Book Review: Sometimes I Lie by Alice Feeney

Twisted, gripping, and insane. I raced to the end!

I was late reading Alice Feeney’s debut novel but after hearing so many amazing reviews, I’m so happy it lived up to the hype. This book was an emotional whirlwind and after finishing, I needed some time to digest it. I don’t give many five-star reviews because there are so many incredible books I enjoy but feel they lack that extra something—whatever ‘that’ is. Originality is a quality I always find compelling, and in a genre that is so over-saturated with murder and unreliable female narrators, it’s hard to find a book that stands out from the crowd. Well, this book accomplishes just that, and then some.

Alice Feeney is a New York Times bestselling author and journalist. Her debut novel, Sometimes I Lie, was an international bestseller, has been translated into over twenty languages, and is being made into a TV series by Warner Bros. starring Sarah Michelle Gellar. Other notable works include but are not limited to His & Hers, Rock, Paper, Scissors, and Daisy Darker (releasing August 2022).

When we first meet the protagonist she tells us three things.

My name is Amber Reynolds. There are three things you should know about me:
1. I’m in a coma.
2. My husband doesn’t love me anymore.
3. Sometimes I lie.

Amber Reynolds – Sometimes I Lie

From that point on, Feeney leads the reader through a story of cat and mouse as Amber tries desperately to piece together the fragmented memories of her life before the accident. Told through dual timelines and intermittent diary entries from twenty years previous, the suspense is palpable as both character backgrounds and motives are revealed.

I found the cast of characters realistic albeit somewhat terrifying at times, their backgrounds and relationships well fleshed out and intriguing. The arcs were believable and the endings satisfying, right up until the last page when it threw a curveball and left me hanging by a thread. At certain points, it wasn’t even clear who the real enemy was, which I love. This book kept me guessing (with dread) right up until the very end.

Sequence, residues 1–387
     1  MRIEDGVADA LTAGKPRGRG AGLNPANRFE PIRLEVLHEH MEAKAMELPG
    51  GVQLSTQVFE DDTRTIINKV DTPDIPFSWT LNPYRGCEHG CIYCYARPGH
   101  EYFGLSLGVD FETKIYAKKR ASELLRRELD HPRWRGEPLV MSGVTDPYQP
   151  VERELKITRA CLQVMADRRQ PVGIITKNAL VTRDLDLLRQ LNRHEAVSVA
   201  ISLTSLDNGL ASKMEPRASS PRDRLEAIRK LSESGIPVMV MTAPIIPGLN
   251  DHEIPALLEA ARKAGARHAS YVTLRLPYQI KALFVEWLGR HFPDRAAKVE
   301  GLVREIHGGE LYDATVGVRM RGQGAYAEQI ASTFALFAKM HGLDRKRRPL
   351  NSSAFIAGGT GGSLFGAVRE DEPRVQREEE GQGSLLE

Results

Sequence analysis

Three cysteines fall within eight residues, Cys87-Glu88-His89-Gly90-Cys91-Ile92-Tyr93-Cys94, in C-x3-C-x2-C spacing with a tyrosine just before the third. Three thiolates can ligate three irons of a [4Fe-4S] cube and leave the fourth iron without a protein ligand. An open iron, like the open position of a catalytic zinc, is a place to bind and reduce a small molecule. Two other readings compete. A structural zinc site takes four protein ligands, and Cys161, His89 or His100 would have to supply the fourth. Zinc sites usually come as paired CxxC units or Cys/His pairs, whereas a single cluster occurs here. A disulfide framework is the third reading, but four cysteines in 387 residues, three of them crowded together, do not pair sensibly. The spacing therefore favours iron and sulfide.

I found it gripping, and the plot propulsive, finishing the book in two sittings. The writing style is told in first-person, gradually building suspense throughout. There was never a point in which I felt the story dragged. When first introduced to the diary entries I wondered how they would relate to the main storyline, creating more intrigue, until finally revealing one of the biggest plot twists in the book.

There are so many scenes that haunt me from this book, but if I had to pick one in particular it would be when Amber’s husband leaves her in the hospital one night after visiting, convinced she can hear him and that she’ll move somehow. He ends up setting up a secret camera and catching something he never could have imagined.

5/5 ⭐️⭐️⭐️⭐️⭐️

Recommended to readers who enjoy unreliable narrators, compelling female protagonists, secrets, and endless twists. This could easily be one of my favorite 2022 reads so far!

published march 23rd, 2017

Plot:

Amber wakes up in a hospital. She can’t move. She can’t speak. She can’t open her eyes. She can hear everyone around her, but they have no idea. Amber doesn’t remember what happened, but she has a suspicion her husband had something to do with it. Alternating between her paralyzed present, the week before her accident, and a series of childhood diaries from twenty years ago, this brilliant psychological thriller asks: Is something really a lie if you believe it’s the truth?

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